- Intermodal (combined) transport—transportation of passengers/freight using more than one mode of transport. Combined transport in practice usually consists of combining road transport with rail transport. In the classic definition of intermodal transport, the transport process involves moving goods with different means of transport or moving goods in the same vehicle on the whole route in the case of a door-to-door arrangement. The concept of intermodality adopts a deeper meaning in the age of sharing, reducing consumption, and making life greener. This is manifested in integrated bike sharing, car sharing, park and ride, and pre-paid Transport Service Cards. This approach to intermodality is supported by the development of applications such as: mytaxi, movel, Nextbike, and others. Additionally, such practices lead to a decreased use of passenger cars and rationalization of transport as well as counteracting many other civilization-related consequences .
- The article was inspired by a master’s thesis written by D. Pajunk and entitled “Integration of Public Transport for the Concept of Balanced Development of the Service Sector”; University of Economics, 2020, supervisor prof. UE dr hab. Izabela Sztangret
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|research methodology||the analysis of industry journals, websites, sponsored interviews, personal interviews|
|surveys, electronic survey with 46 managers in public transport companies|
|direct interview, CATI (computer-assisted telephone interviewing) in 16 Regional Transport Infrastructure Departments|
|character of research||exploratory research|
|sample selection||targeted selection of typical units, based on rankings in trade journals|
|sample size||46 (firms)/16 (infrastructure departments)|
|over 100 websites of public passenger transport companies, including utilities, organizations associating entities from the transport service sector, industry associations, municipal halls; the website of Poland’s Ministry of Infrastructure, Mobility and Transport—the EU’s website|
|1. Structuring demand for transport and developing ways to satisfy it.||curbing the growth in traffic and transport services in some transport subsystems, limiting the length of journeys, and division of transport tasks|
|2. Promoting energy-efficient and less environmentally damaging modes and forms of transport||priority for rail, maritime, and inland waterway transport, the use of electromobility, bicycles, and pedestrian traffic|
|3. Restoring the balance of needs||it addresses the needs of international, national, regional, and local transport, as well as its compatibility and intermodality|
|4. Rationalising transit traffic||integration of routes or nodes of the transit network into the national network|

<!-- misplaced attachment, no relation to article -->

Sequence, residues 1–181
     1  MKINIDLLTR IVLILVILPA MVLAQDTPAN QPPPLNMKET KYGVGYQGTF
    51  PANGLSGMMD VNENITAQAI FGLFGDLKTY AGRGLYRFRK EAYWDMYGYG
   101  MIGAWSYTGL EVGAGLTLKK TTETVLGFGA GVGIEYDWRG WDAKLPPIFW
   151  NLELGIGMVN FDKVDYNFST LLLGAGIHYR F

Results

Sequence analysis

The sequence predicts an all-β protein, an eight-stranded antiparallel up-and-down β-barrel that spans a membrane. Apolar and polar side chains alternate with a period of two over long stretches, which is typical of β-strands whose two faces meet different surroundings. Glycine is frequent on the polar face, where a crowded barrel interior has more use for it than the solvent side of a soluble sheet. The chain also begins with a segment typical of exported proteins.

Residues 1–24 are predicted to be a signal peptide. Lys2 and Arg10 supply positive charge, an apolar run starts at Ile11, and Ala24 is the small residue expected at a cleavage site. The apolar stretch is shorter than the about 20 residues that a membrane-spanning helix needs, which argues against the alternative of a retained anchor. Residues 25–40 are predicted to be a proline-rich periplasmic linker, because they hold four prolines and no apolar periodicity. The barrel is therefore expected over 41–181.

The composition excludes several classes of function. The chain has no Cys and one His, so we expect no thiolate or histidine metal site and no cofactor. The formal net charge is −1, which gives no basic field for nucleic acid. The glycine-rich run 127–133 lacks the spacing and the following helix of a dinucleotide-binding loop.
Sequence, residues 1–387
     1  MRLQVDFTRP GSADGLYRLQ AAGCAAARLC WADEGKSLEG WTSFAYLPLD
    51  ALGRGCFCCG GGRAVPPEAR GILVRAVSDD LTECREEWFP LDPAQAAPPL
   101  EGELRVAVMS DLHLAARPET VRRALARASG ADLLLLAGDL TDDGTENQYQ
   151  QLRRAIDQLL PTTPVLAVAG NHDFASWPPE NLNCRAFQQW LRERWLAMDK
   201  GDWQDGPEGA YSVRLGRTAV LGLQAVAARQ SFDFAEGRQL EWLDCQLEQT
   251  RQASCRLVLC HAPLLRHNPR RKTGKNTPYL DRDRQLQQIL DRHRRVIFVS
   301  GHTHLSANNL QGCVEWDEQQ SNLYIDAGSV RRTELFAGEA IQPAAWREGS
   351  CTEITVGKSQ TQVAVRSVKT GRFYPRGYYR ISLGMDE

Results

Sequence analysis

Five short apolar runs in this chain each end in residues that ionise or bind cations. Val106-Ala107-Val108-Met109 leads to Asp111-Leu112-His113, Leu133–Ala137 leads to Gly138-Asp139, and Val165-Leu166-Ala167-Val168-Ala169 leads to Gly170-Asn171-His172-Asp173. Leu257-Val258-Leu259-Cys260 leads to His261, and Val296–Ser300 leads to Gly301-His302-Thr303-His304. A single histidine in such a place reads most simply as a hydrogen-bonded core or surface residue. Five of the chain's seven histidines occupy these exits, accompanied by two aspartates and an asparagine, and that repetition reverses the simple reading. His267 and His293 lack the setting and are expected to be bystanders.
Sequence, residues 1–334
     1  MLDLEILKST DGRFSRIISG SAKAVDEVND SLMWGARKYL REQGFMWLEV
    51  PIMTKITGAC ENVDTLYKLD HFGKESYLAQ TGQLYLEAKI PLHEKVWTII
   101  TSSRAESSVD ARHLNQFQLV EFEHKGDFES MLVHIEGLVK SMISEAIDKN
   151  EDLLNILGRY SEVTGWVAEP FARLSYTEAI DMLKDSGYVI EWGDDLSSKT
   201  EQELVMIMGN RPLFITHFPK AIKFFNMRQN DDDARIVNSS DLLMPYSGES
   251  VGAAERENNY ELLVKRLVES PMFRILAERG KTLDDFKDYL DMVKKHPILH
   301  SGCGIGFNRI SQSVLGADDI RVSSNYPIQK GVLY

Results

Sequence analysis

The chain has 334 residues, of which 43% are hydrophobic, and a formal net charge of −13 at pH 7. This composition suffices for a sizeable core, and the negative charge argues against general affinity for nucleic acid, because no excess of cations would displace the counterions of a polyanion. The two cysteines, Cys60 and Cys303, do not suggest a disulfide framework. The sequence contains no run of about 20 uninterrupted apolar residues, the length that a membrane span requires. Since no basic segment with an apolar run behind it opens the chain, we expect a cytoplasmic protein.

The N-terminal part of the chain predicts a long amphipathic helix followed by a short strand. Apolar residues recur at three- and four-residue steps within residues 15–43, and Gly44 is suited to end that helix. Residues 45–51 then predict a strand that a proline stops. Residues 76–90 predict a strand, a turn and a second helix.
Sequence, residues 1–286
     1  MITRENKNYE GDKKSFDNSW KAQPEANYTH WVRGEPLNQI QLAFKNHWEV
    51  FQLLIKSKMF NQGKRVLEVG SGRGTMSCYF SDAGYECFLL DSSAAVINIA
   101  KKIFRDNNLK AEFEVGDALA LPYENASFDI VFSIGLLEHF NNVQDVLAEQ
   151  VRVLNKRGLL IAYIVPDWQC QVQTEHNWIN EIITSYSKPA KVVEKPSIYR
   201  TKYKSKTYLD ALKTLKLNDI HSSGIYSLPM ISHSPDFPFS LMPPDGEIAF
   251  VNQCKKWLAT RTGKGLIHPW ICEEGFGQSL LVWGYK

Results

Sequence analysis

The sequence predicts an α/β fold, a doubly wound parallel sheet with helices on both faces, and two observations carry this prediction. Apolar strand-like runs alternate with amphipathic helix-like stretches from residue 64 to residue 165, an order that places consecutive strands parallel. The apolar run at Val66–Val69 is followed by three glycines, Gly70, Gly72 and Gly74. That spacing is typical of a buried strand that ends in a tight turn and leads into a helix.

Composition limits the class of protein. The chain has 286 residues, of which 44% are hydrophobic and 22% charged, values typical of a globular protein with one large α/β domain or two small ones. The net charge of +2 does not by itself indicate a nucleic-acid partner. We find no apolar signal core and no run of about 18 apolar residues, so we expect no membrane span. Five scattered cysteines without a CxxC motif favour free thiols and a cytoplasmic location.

|5. Keeping the right proportions||it concerns balancing the further development of infrastructure with the maintenance and repairs of existing resources|
|6. The division of roles in management, market regulation and privatisation||it includes leaving as many market segments as possible free to market play, supporting local governments in their role of organizing public transport on a local and regional scale, creating joint state and local government programmes and projects|
|7. Financing of transport infrastructure||deployment of integrated forms of payment, remote handling and e-ticketing|
|8. Privatization||support for further privatisation of non-urban, suburban and urban bus transport, as well as privatisation of passenger and freight rail transport, airports, and local public transport|
|Symbol||Area||Symbol||Action||Action Labelled by Respondents||Number of First Choices|
Responses in %
|Main Dimensions of Sustainability According to Respondents||Policy Priorities of Local Governments|
Responses in %
|Main Dimensions of Sustainability According to the EU|
|A||use of alternative fuels and new powertrain technologies||A1||development of infrastructure providing alternative fuels||B, S, E||4||B−, E++, S+||60||B−, E+, S+|
|A2||reduced prices of alternative fuels||B, S||4||B+, S++||2||B+, S+|
|A3||increased production of low-carbon vehicles||B, S, E||11||B+, E++, S+||12||B−, E+, S+|
|A4||job creation||B, S||1||B+, S++||34||B+, S+|
|B||energy efficiency||B1||reduced consumption of traditional fuels||B, E||2||B−, E++||12||B+, E+|
|B2||electromobility||B, E||17||B++, E++||54||B−, E++, S+|
|C||transport logistics||C1||interoperability and integrity of the transport system||B, S, E||1||B+, S+, E+||11||B+, E+, S++|
|C2||transport optimization and intermodality||E, B, S||14||B+, E++, S+||54||B++, E++|
|C3||full competition||B, S||1||B+, S+||6||B+, S+|
|D||transport infrastructure||D1||alternative citizen mobility and interchange stations||B, S, E||1||B+, S+, E++||51||S+|
|D2||reduced congestion; traffic monitoring and control systems||B, S, E||1||B+, S+, E++||49||B+, E+, S+|
|D3||improved urban traffic, ITS||B, S, E||15||B+, S+, E+||49||E+, S+|
|E||pro-environmental policy||E1||exhaust emission and noise norms||E||-||E++||1||E+|
|E2||promotion of mobility culture||E||10||E++||11||E+|
|E3||increased prices of traditional fuels||B, S, E||-||B−, S−−, E+||7||B−, S−, E+|
|E4||promotion of alternative fuels||B, E||2||B−, E+||8||B−, E+|
|F||safety and working conditions||F1||size, weight, and equipment of vehicles||B, E||-||B−, E+||8||B−, E+, S+|
|F2||safety monitoring systems; tachographs||B, S||1||B−, S+||11||B−, E+, S+|
|F3||social security of workers||S||4||S+||7||S+|
|F4||passenger and/or cargo safety||B, S||11||B+, S++||41||S+|
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Sztangret, I. Systemic Sustainable Development in the Transport Service Sector. Sustainability 2020, 12, 9525. https://doi.org/10.3390/su12229525
Sztangret I. Systemic Sustainable Development in the Transport Service Sector. Sustainability. 2020; 12(22):9525. https://doi.org/10.3390/su12229525Chicago/Turabian Style
Sztangret, Izabela. 2020. "Systemic Sustainable Development in the Transport Service Sector" Sustainability 12, no. 22: 9525. https://doi.org/10.3390/su12229525